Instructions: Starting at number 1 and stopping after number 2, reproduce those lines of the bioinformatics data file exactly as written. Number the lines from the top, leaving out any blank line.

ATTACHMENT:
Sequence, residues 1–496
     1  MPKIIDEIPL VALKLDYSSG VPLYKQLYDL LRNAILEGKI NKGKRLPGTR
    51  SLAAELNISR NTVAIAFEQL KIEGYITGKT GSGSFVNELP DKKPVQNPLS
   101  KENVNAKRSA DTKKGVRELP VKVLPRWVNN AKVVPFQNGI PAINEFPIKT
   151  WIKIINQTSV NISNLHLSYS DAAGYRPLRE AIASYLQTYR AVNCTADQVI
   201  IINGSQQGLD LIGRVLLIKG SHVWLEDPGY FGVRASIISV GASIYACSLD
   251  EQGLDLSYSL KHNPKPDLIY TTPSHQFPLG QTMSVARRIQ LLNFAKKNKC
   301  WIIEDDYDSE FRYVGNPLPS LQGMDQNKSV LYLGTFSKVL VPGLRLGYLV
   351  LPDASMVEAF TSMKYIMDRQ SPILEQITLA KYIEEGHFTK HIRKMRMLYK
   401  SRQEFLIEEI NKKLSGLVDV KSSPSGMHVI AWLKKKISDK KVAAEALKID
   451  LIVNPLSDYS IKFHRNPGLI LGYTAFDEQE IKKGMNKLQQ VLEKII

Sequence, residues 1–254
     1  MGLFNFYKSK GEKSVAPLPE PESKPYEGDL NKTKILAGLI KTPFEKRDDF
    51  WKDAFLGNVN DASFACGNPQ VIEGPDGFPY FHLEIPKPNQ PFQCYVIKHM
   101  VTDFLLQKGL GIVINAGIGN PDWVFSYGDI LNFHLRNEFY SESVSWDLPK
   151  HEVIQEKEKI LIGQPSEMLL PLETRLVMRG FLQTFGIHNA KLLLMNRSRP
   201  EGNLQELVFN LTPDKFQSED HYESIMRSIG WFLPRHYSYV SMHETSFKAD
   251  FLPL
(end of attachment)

Sequence, residues 1–496
     1  MPKIIDEIPL VALKLDYSSG VPLYKQLYDL LRNAILEGKI NKGKRLPGTR